Okay. So our goal is to have the article bringing in a little bit of 100% passive traffic every single day – and let me quote Tim Ferriss here – “without killing yourself”.

 

A hardcore 7 posts per week schedule is cool. No doubt about that (as long as those posts are good). But as long as your name isn’t GaryVee, it’s not really practical.

 

And remember, the biggest amount of traffic will come from non-SEO sources. 

 

But for now, let’s look at the optimization points.

Optimize Blog Content for SEO #1: Image Alt Texts

I’m pretty sure you already know that: Google and other search engines became pretty good at scanning images and figuring out what’s on it. A little help in the form of alt texts, however, can help Google to understand what’s on the image.

 

Setting an alt text on an image is a clear signal to search engines that your image is related to the words on your page. And that, my dear developer-creator-hybrid friend, will boost your rankings.

 

But, as with everything, there’s a good way to do this and there’s a bad way to do this. The good way: Give DETAILED information about the image.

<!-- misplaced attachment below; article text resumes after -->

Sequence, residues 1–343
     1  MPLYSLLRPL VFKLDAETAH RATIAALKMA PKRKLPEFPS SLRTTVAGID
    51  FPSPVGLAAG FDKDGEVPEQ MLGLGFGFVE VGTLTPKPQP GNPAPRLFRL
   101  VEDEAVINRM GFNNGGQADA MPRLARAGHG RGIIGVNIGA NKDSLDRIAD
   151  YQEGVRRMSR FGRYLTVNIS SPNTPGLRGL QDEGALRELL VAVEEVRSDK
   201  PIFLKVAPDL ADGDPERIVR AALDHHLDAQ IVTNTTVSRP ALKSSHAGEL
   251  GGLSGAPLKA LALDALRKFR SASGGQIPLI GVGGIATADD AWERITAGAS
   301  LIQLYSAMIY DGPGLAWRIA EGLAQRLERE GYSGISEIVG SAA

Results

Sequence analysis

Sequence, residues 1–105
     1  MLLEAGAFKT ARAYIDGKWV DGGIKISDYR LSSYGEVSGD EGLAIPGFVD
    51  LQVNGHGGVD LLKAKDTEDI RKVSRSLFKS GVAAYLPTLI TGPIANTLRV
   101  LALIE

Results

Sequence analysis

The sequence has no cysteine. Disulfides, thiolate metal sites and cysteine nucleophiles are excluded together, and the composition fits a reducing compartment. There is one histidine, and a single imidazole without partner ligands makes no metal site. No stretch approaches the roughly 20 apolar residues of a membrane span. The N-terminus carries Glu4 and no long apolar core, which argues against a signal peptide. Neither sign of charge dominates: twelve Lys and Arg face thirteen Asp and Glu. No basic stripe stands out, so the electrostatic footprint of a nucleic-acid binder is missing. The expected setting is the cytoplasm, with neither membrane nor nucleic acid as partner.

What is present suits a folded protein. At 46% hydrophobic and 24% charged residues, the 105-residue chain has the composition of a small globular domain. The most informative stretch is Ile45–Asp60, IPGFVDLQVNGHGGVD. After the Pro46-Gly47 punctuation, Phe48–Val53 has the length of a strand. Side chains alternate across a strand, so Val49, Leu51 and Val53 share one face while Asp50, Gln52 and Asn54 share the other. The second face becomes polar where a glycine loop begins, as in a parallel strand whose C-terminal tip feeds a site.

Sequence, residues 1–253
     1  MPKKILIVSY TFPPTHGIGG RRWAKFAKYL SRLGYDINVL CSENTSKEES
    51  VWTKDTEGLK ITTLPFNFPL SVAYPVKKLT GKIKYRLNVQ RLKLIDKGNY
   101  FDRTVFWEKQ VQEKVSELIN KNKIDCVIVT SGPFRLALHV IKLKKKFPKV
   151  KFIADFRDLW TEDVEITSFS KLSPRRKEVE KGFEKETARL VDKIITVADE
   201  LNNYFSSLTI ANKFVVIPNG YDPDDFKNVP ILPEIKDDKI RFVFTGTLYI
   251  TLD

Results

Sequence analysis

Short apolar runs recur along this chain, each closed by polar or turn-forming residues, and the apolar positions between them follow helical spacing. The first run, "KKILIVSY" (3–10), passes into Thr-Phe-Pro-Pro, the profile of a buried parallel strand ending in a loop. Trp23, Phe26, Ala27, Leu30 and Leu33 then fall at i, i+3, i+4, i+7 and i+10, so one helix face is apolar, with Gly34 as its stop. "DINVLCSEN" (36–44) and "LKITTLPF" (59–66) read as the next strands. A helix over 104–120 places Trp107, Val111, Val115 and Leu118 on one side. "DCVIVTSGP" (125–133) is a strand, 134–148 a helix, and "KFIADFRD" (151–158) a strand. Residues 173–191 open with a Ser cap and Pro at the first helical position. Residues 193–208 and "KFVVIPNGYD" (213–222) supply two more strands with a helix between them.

Alt texts help search engines like Google understand what the blog post is all about

Bad alt text: “Graphic that shows the AIDA formula.”

 

Good alt text: “The AIDA formula is a framework to structure blog articles, social media posts and emails.”

 

Use complete sentences and include your main keyword.

Optimize Blog Content for SEO #2: Give Them What They Want

This is only important if your post can aim for a top spot on Google.

 

Our SEO app article example, for instance, won’t make it to the first page of Google since the main goal of such an evergreen post is shares and backlinks (from readers, influencers and other brands) and not to become a top Google post.